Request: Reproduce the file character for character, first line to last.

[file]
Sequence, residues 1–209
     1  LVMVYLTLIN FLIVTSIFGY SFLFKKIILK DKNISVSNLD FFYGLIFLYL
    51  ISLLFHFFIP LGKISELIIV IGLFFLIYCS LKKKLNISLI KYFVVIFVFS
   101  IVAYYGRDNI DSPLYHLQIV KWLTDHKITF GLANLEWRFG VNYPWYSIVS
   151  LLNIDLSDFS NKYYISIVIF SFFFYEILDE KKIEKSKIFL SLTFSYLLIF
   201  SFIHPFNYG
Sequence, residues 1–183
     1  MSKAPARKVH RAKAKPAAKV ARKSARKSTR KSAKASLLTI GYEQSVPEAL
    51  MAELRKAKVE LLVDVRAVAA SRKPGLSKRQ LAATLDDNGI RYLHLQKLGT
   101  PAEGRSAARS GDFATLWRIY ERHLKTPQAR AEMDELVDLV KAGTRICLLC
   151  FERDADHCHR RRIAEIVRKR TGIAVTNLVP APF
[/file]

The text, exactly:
Sequence, residues 1–209
     1  LVMVYLTLIN FLIVTSIFGY SFLFKKIILK DKNISVSNLD FFYGLIFLYL
    51  ISLLFHFFIP LGKISELIIV IGLFFLIYCS LKKKLNISLI KYFVVIFVFS
   101  IVAYYGRDNI DSPLYHLQIV KWLTDHKITF GLANLEWRFG VNYPWYSIVS
   151  LLNIDLSDFS NKYYISIVIF SFFFYEILDE KKIEKSKIFL SLTFSYLLIF
   201  SFIHPFNYG
Sequence, residues 1–183
     1  MSKAPARKVH RAKAKPAAKV ARKSARKSTR KSAKASLLTI GYEQSVPEAL
    51  MAELRKAKVE LLVDVRAVAA SRKPGLSKRQ LAATLDDNGI RYLHLQKLGT
   101  PAEGRSAARS GDFATLWRIY ERHLKTPQAR AEMDELVDLV KAGTRICLLC
   151  FERDADHCHR RRIAEIVRKR TGIAVTNLVP APF